Osprey banding in Green Lake completed

The annual banding of young osprey in Green Lake was completed Monday for the fourth summer in a row by Memuna Khan, associate professor of biology and chair of the biology department.

The project began in 2014 when Khan was asked by the Green Lake Association to track the patterns and habits of these birds so information about this species could be used for public education as well as public outreach. The Green Team and the Green Lake Nature Club, in collaboration with Khan, contributed.

Khan takes part in banding birds only from this specific nest in Green Lake, however there are other banders in the state. “The more banders that we have in the state, the more information we have about the birds, their movements and their survival,” Khan says. This year, Khan banded three young female osprey, approximately 6 weeks of age, from the nest in Green Lake.

When a banded bird dies — provided that someone finds the bird and reports it to the website or phone number on the band — Khan is able to know where the bird died and perhaps the environmental influences that could have led to the bird’s death. This information helps determine the patterns of the species as well as how they are influenced by their environment.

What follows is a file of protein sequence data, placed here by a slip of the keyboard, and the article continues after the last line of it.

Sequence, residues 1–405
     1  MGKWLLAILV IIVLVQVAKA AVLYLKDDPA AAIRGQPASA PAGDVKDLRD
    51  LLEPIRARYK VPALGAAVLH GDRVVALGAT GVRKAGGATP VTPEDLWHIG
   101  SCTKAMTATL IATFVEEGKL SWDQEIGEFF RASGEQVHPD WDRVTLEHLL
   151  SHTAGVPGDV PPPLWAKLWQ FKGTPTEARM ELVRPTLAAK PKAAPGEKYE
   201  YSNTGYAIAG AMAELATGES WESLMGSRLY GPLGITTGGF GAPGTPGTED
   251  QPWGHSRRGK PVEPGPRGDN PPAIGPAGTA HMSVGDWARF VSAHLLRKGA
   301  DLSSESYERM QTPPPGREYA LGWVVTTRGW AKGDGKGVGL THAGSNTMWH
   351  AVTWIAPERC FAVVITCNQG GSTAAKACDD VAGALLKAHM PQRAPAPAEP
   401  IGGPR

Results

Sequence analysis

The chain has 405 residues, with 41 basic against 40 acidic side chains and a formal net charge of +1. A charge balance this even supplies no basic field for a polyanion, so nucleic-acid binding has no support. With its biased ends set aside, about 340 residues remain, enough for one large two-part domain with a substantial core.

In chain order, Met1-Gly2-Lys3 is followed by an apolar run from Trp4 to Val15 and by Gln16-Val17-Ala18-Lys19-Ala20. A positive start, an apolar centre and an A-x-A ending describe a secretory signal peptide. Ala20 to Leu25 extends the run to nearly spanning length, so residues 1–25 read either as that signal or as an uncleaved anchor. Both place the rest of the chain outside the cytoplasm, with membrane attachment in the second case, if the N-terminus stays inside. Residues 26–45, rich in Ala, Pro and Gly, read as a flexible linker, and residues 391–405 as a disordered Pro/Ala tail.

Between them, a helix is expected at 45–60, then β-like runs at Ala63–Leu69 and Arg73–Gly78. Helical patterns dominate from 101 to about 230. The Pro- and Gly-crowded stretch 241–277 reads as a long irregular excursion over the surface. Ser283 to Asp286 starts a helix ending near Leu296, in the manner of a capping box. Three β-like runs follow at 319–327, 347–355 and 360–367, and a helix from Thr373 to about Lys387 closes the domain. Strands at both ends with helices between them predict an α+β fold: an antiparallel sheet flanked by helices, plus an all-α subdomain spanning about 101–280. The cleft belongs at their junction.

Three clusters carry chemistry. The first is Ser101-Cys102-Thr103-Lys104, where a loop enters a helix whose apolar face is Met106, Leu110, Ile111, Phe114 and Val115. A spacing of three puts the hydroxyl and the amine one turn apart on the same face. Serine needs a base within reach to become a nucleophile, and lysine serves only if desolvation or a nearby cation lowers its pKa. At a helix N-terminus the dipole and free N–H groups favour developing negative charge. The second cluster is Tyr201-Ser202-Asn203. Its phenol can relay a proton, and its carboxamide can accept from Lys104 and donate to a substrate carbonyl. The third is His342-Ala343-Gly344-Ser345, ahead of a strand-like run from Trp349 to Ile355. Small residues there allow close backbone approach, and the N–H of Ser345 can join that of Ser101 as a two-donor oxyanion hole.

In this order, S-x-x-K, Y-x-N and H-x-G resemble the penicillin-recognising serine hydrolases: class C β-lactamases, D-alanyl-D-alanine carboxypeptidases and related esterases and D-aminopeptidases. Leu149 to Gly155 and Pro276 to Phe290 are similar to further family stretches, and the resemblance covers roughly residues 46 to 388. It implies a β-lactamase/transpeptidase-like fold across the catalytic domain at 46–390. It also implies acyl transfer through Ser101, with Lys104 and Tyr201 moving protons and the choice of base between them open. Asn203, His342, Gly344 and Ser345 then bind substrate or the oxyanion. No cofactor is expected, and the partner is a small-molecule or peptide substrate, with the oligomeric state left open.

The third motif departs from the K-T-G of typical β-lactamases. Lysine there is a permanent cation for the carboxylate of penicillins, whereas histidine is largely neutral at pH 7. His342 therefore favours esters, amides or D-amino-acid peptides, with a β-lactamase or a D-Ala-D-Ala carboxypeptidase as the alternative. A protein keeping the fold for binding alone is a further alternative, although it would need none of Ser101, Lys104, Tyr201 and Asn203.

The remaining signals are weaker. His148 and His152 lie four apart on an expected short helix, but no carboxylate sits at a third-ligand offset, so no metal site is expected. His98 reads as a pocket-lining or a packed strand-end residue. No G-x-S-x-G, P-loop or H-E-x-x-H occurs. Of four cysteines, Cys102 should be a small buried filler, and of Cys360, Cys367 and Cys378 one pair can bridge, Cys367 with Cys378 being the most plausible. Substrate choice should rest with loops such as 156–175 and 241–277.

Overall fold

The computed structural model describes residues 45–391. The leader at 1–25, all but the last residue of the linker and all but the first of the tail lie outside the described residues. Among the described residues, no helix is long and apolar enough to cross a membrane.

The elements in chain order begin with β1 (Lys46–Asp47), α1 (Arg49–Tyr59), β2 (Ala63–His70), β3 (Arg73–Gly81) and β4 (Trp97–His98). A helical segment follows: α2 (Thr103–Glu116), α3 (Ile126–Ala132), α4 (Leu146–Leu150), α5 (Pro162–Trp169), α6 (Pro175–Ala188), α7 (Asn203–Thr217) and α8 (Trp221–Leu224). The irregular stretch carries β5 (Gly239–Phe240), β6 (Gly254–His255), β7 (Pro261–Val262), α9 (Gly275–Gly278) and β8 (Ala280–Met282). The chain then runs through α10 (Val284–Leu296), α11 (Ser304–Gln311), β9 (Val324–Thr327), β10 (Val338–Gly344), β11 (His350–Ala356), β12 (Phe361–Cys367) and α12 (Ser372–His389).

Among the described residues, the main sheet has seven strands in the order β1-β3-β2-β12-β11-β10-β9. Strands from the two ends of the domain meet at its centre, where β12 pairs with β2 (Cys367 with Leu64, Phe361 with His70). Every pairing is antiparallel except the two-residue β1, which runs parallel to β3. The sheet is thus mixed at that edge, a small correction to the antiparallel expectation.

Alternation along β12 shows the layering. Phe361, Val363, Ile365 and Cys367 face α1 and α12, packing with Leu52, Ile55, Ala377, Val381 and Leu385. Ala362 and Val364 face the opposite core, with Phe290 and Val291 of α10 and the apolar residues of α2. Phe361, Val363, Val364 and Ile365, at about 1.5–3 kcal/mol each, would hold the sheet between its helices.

There is also a chance to see these birds returning to the location to breed in the future. So if a bird is spotted at one of the several nesting locations in the area and recognized as one of the birds banded by Khan and the Green Lake Nature Club, there is a potential for the gathering of more information about the trends of this bird species.

Khan acknowledges that the reports of these birds are far and few between. “It’s putting a message in a bottle,” but the purpose of keeping this project alive is to be able to track trends, give the community a chance to take part as spectators for educational purposes, and to challenge spectators to think about environmental influences on these birds and how those influences such as clean water and land conservation affect the world around us.

“If we can influence just one person to think about these things, or even to take action on these environmental issues in any way, we’ve won,” Khan says.

Payton Blessing ’19
Eden Prairie, Minnesota


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Memuna Khan with osprey